The Power of Words

The Incredibly Offensive Letter Sent To A Mother With An Autistic Son. I don’t know if you saw this story going around on facebook and other social media yesterday, but it pretty much destroyed me. It’s so horrible that I hoped somehow it was a sick joke; an a-hole’s version of The Onion. Basically someone in a neighborhood in Ontario sent an anonymous letter to the mother of a 13-yo boy with autism, railing her for letting her son…well…live. It ends with “Do the right thing and move or euthanize him.”

The community rallied around the family, which is lovely to see, but it sickens me that it was even an issue. That they even had something around which to rally.

So many fears made manifest in this one piece of paper. Strange that paper with ink on it should hold so much power, but it does. And it sickens me.


Knowing is Half the Battle…

I am about to see some of my best friends that I haven’t seen in a long time. At least 2 years, for some as long as 5 years or more. I am beyond excited–these are the types of friends who are truly FAMILY, you know? The ones where if I called and simply said, “I need you,” they’d say without hesitating, “I’m on my way.” Those friends where when I first see them I instantly start crying (I’m a crier), and hug them every 5 minutes. Those friends where when you are with them, no matter how much time has past, you pick up right where you left off.

The thing is…I’ve gained weight since I saw them. Enough where I literally sat down the other day and wrote out an email that I nearly sent to them, APOLOGIZING for the weight gain. Apologizing and warning them that…I don’t know…I’m not…MYSELF. Giving them the heads up that the past few years have presented significant challenges, it’s been hard, I’ve been busy, I’m getting older…excuse after excuse, literally apologizing that they’ll have to witness it.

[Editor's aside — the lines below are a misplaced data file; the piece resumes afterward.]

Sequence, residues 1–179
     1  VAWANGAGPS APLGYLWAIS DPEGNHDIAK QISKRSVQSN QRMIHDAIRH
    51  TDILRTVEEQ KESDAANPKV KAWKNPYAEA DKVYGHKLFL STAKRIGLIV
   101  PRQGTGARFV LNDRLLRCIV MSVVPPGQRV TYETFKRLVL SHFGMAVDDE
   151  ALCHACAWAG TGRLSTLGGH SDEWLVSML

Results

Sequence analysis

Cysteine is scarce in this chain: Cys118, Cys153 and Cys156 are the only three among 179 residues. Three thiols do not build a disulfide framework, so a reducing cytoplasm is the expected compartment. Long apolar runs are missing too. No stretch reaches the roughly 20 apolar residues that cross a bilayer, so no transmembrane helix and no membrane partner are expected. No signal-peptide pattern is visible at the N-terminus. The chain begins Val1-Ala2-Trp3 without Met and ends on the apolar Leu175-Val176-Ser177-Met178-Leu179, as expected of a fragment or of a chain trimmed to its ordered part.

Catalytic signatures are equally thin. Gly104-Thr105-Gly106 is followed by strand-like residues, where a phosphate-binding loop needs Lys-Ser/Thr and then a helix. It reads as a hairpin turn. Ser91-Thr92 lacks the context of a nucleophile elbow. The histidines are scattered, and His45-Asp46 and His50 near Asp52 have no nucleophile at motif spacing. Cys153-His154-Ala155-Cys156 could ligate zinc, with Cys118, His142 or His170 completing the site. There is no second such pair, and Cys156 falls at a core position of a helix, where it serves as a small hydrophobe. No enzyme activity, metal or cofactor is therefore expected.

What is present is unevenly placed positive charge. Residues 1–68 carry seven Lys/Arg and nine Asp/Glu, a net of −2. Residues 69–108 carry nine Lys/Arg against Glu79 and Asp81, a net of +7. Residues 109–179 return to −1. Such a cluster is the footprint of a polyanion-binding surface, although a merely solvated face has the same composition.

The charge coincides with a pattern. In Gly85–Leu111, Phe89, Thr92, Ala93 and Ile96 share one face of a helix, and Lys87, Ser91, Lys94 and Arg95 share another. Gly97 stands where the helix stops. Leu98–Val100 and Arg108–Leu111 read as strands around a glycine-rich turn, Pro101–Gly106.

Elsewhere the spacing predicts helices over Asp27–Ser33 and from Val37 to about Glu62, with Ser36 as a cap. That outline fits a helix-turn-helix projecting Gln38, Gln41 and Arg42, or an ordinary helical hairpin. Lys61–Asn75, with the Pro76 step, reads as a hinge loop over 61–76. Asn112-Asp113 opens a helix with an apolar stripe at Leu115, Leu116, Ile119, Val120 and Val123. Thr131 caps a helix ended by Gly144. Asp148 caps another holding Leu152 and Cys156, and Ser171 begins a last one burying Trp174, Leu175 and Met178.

I realize how effed up this is…truly, I do. And some of you understand that even just this realization represents progress in my very long struggle with self-image issues and body image distortion. But it’s still really screwed up.

These people are the most forgiving, the most accepting, the most understanding of anyone in my world besides my family. Hell, they *are* part of my family. They are also parents, they have witnessed our challenges, some of them have also gained weight. But for whatever screwed up reason, I feel the need to apologize for it.

This post does not have the sentimental, enlightening, or empowering “twist” at the end where I mention the messed up world view and then share the plucky way I overcame it, and how you should, too…sorry. All I have at this point is the ability to say, “THIS IS WHERE I AM. I recognize it’s effed up. That’s something.”